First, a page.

Bachata originated in the Dominican Republic in the early 1960s as a form of Caribbean boleros and denotes both a musical genre and a dance style in 4/4 time. In the Bachata Ensemble we learn to play this style of music and to improvise with it. The ensemble meets once a month for 120min and continuously expands its repertoire.
The singers – traditionally male, but we heartily welcome female singers as well – is usually backed by five fundamental instruments: Bongó, güira (in older bachatas maracas), bass, rhythm guitar, and requinto (lead guitar). Each of these instruments plays a part in bachata’s rhythmic fabric – contributing syncopation, melody, and swing. Traditionally most of the lyrics are about disappointed love.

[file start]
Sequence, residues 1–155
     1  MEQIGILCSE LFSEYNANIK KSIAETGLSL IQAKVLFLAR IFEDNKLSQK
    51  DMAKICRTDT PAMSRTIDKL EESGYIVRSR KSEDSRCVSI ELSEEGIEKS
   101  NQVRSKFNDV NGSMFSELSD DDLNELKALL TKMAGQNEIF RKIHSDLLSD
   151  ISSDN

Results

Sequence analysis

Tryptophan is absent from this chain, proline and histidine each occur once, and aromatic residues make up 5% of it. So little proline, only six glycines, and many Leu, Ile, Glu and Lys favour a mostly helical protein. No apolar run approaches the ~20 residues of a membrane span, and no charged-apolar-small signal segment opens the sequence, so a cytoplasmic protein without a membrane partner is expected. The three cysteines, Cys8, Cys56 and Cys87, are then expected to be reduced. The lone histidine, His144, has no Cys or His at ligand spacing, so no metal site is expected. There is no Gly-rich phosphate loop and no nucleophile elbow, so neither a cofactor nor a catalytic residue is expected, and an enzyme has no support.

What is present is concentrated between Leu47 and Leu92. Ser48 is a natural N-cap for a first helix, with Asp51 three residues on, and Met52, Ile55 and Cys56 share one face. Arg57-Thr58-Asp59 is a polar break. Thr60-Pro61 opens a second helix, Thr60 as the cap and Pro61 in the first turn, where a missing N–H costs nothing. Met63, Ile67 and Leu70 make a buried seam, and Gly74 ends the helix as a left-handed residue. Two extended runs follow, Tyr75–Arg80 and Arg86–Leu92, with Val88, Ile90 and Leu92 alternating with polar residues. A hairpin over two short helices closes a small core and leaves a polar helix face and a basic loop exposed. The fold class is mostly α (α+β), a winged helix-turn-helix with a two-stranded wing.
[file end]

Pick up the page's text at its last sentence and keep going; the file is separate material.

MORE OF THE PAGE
In addition to the traditional song forms we arrange sections where the players can improvise.
A special charm of the Bachata style is the way in which well-known pieces from other styles are adapted in a danceable form: Musical contrasts are already an integral part of the arrangements in original Bachata compositions, so it is a natural thing to try out new connections.
The rather chamber music kind of character of the Bachata sound is driven by the magical clockwork that the percussion instruments create together with the guitars.